The harder-to-get and less-printed ones have already begun to tip. The thing about Commander 2015 is that after everyone grabbed the one obvious card out of the deck, they sort of stopped caring about everything else and a lot of those cards started to pick up steam in EDH. Everyone was so focused on Containment Priest and Teferi that they didn’t realize that a lot of the decks have $3 cards in them. A lot of $3 cards. A lot of the Black deck has these 7 mana spells that most players didn’t even read that are pretty powerful effects in EDH. Gigantoplasm is still gettable for $2 on sites that didn’t get the memo and it’s unlikely the card ever gets printed again. It’s not flashy like Clever Impersonator, but there is something to be said for not being Clever Impersonator and therefore not getting reprinted. I like these at $2 and I don’t even hate them at $4.
So what will it take to push a card like Cryptoplasm out of bulk rare territory?
It seems like, with a similar amount of play for both cards, we’re waiting on supply to dry up. There are simply more copies of a bulk rare from a regular set than a card from a Commander deck. The demand for the Blue deck didn’t really materialize until it was far too late to print more – Teferi decks became a cEDH staple, Cyclonic Rift hit $20 and climbed more and we don’t need a third thing, two things is enough when those two things are the two things, but you were expecting a third thing.
So if Cryptoplasm doesn’t get there, are there cards that can?
Are we better off waiting for a card we know will recover to do that, buying when we know we’re at the absolute floor because the price has rebounded ever so slightly and the set it’s in was 10 products and 2 months ago?
Do we buy on the basis of a huge price disparity between two sites because we know that Card Kingdom slings a lot of EDH product, we’re not likely to get a reprint soon, the card sees play in a lot of formats because it’s not just a big, durdly, 4-mana clone?
Do we buy somewhere between the floor and ceiling because we know there are additional factors that make a card difficult (but not impossible) to reprint and we know once it goes out of print the price will go up?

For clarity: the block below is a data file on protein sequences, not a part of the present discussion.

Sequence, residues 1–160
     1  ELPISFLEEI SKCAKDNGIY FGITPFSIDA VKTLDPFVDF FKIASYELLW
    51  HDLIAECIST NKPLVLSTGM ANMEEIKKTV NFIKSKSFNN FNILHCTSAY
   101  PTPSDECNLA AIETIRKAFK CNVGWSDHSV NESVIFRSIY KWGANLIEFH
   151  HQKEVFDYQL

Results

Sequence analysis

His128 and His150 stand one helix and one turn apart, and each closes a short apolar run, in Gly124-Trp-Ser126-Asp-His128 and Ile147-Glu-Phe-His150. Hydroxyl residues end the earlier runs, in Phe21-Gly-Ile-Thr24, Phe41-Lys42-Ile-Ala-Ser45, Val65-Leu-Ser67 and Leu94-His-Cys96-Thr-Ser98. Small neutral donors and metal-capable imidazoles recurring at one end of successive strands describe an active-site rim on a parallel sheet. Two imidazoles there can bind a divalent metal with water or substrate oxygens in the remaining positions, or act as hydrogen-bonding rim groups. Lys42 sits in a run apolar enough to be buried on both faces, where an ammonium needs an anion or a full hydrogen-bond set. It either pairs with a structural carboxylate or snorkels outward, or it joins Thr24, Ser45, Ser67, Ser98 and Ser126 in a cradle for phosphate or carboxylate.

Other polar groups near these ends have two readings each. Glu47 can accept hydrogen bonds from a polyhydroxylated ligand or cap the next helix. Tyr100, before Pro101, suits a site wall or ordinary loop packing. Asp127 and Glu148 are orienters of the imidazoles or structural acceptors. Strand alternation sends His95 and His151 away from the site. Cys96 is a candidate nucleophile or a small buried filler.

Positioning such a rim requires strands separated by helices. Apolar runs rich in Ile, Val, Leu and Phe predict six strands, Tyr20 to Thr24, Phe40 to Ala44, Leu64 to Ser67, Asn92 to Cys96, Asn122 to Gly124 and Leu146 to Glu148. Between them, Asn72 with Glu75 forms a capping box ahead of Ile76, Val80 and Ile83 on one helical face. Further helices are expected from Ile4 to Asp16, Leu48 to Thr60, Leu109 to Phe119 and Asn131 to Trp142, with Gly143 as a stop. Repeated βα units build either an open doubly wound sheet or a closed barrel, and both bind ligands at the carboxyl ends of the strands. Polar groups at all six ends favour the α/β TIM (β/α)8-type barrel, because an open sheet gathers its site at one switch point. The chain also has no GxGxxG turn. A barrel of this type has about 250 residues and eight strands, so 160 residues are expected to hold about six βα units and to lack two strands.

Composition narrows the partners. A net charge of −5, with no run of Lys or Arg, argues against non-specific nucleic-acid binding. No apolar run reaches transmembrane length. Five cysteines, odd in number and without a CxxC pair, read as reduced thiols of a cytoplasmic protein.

It’s hard to know exactly what to do when we see data like this. Personally, I think if we were going to target a card like Gigantoplasm, the time to do so would have been before it started to get bought up a bit, buying in at the floor. A card that is a bad version of a good card and therefore obsolete can lay dormant for years, waiting for the deck to need enough redundant copies of the effect to spike it up and when that happens, the price spikes hard. You want to be the one selling into that first wave because a second spike isn’t guaranteed for a card with medium demand and 0 supply the way it is for a card with high, sustained demand and medium supply in two waves.
I don’t know if I like any of these Clones other than Gigantoplasm which appears to have some room to grow and some supply at the old price, Phantasmal Image which has grown a lot but isn’t done and Spark Double which has additional utility but less reprint risk. You don’t HAVE to target any of these, really. But what we can do is use this case as a lesson because while tribal cards are obvious when a new tribe is announced, you’re not always the one holding Louvisa Coldeyes, sometimes you’re the one trying to buy Bitterblossom because WotC announced a fairy tale set and you stopped listening when you heard the word “fairy.” “Clone tribal” turned out to be a thing, if you apply a very loose definition of what tribal decks are. But hear me out – the people applying the same loose definition of what cards should be grouped together in a deck the way players are going to are the ones who will be prepared for the next thing that is a little less obvious than “they spoiled a Minotaur, you know what to didgeridoo about it.” Until next time.